CARACAS (Reuters) - Venezuelan funeral homes are struggling to find coffins, with production crimped by a shortage of brass, varnish and satin, complicating the process of burying the dead in one of the world’s most murderous countries.
Undertakers are borrowing coffins from each other or traveling to Colombia to get hold of them.
Some are encouraging customers to have cremations so that coffins, used only for the wake, can be “recycled.”
President Nicolas Maduro describes the scarcity, which has affected a gamut of products from toilet paper to church wine, as the result of an “economic war” waged by opposition saboteurs seeking to force him out of office.
Critics blame the shortages on a dysfunctional economy centered on price and currency controls enacted more than a decade ago.
The undertakers’ business is buttressed by spiraling violent crimes that killed at least 11,000 people last year.
“If you’re an undertaker you have to guarantee funerals happen, even if that means going wherever you have to go to borrow a coffin,” said Miriam Castro, administrator at a Caracas funeral home in the El Paraiso (Paradise) district.
She and other undertakers in the neighborhood are trading coffins between themselves to meet demand, Castro said.
Cremations at Caracas’ leafy Eastern Cemetery have climbed 50 percent in recent months to 12 daily, from 8, according to a cemetery official.
Castro is a regular client of the crematorium here.
“It used to be much quicker,” she said. “Now you have to wait a couple of days, thanks to all the waiting bodies.”
In January, the cemetery hosted the wake of Monica Spear, a popular soap star and former Miss Venezuela, who was murdered alongside her husband in a shocking reminder of the country’s crime rate.
Coffin production has dropped some 50 percent in recent months, said Ricardo Guedez, member and until recently president of the National Chamber for Funeral Companies.
That’s partly because manufacturers have been unable to import materials, struggling to obtain dollars because of the government’s strict currency controls.
There is also a shortage of brass because of slumping output at state steel mill Sidor, which late President Hugo Chavez nationalized in 2008.
Demand for funerals is driven by one of the world’s highest murder rates, which has long been Venezuelans’ main gripe with the socialist government. Castro said 70 percent of the corpses her company receives are murder victims.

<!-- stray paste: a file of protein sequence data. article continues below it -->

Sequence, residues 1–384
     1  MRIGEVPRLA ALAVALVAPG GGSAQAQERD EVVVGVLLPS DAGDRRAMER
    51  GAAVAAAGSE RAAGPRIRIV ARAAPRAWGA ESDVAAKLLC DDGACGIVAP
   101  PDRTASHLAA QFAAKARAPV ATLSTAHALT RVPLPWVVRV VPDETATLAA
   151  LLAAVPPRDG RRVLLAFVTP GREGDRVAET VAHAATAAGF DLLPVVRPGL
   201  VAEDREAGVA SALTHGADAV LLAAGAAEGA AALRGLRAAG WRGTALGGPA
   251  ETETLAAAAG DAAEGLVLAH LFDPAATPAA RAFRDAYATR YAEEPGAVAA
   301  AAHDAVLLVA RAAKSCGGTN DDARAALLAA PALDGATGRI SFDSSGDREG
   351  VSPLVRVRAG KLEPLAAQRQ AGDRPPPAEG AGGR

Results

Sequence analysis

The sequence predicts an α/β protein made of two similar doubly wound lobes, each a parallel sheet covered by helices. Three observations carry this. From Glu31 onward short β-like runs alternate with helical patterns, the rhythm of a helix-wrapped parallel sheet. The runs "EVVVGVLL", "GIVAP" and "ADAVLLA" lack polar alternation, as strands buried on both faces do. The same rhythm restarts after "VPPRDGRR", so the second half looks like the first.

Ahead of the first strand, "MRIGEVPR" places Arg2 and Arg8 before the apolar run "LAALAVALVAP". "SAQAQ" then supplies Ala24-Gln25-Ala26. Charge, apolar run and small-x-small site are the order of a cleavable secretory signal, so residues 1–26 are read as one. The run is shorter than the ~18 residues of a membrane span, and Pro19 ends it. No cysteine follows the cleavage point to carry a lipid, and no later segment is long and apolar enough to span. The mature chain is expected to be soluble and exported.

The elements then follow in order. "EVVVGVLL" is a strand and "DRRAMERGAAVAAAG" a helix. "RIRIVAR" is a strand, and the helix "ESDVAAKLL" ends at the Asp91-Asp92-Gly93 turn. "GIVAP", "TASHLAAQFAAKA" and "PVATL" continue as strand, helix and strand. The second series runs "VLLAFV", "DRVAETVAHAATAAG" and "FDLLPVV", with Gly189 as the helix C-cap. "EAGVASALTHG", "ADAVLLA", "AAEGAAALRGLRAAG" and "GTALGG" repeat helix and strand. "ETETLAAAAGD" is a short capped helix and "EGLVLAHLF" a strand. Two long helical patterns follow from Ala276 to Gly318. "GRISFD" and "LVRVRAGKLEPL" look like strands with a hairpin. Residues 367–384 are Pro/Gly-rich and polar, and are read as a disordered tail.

Many of the dead are killed in shanty-town gang fights or are victims of robberies in wealthier areas.
And few of the perpetrators are brought to justice.
Violent crime has become a central issue in Venezuela’s polarized political discourse.
The government says the murder rate is falling and opposition media are sensationalizing the problem for political capital. Opposition critics insist the true murder rate is more than twice the official one.
Serious discussions about insecurity are largely drowned out by diatribes over who is to blame.
The rising cost of funeral services has become a hot-button issue, as annual inflation in Venezuela rises above 60 percent.
A state agency called the Superior Organ of the Economy is tasked with helping control inflation by ordering businesses to slash prices.
In December, Hebert Garcia Plaza, who heads the agency, appeared on state television to accuse one funeral home of “overcharging by 619 percent.”
He said the outfit charged 8,280 bolivars, around $1,300 at the strongest official exchange rate, for six hours of chapel-rental whereas it should have charged 1,151 bolivars.
“We have to have some humanity here,” said Garcia Plaza. “They cannot turn this business into something financial.”
Jose Montes, head of a funeral home in Catia, a slum in the west of Caracas, insists he is simply trying to run a business. He has just 10 coffins on hand, but needs three times as many.
“Like anything in this country, we can’t get hold of them,” he said.
Editing by Brian Ellsworth, Andrew Cawthorne and Bernadette Baum